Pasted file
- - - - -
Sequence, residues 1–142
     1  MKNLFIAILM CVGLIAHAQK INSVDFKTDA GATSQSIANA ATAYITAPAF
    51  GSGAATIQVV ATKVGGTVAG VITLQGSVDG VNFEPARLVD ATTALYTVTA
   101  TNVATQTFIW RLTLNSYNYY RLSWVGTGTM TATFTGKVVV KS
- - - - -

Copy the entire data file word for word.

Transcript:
Sequence, residues 1–142
     1  MKNLFIAILM CVGLIAHAQK INSVDFKTDA GATSQSIANA ATAYITAPAF
    51  GSGAATIQVV ATKVGGTVAG VITLQGSVDG VNFEPARLVD ATTALYTVTA
   101  TNVATQTFIW RLTLNSYNYY RLSWVGTGTM TATFTGKVVV KS